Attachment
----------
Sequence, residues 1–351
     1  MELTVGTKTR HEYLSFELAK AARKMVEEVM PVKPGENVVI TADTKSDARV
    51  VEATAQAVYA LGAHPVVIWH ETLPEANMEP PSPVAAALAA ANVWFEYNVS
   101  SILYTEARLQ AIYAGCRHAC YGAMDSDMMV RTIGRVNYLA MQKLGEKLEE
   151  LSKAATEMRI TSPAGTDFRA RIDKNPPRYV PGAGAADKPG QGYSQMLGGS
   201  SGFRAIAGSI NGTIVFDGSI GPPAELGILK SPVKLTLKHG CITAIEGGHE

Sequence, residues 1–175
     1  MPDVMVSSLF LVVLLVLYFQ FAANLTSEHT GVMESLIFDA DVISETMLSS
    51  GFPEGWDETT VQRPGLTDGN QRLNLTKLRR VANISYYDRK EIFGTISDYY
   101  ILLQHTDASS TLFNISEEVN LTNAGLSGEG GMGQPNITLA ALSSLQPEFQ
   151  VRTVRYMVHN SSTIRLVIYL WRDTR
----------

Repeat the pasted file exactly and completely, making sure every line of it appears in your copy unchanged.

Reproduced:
Sequence, residues 1–351
     1  MELTVGTKTR HEYLSFELAK AARKMVEEVM PVKPGENVVI TADTKSDARV
    51  VEATAQAVYA LGAHPVVIWH ETLPEANMEP PSPVAAALAA ANVWFEYNVS
   101  SILYTEARLQ AIYAGCRHAC YGAMDSDMMV RTIGRVNYLA MQKLGEKLEE
   151  LSKAATEMRI TSPAGTDFRA RIDKNPPRYV PGAGAADKPG QGYSQMLGGS
   201  SGFRAIAGSI NGTIVFDGSI GPPAELGILK SPVKLTLKHG CITAIEGGHE

Sequence, residues 1–175
     1  MPDVMVSSLF LVVLLVLYFQ FAANLTSEHT GVMESLIFDA DVISETMLSS
    51  GFPEGWDETT VQRPGLTDGN QRLNLTKLRR VANISYYDRK EIFGTISDYY
   101  ILLQHTDASS TLFNISEEVN LTNAGLSGEG GMGQPNITLA ALSSLQPEFQ
   151  VRTVRYMVHN SSTIRLVIYL WRDTR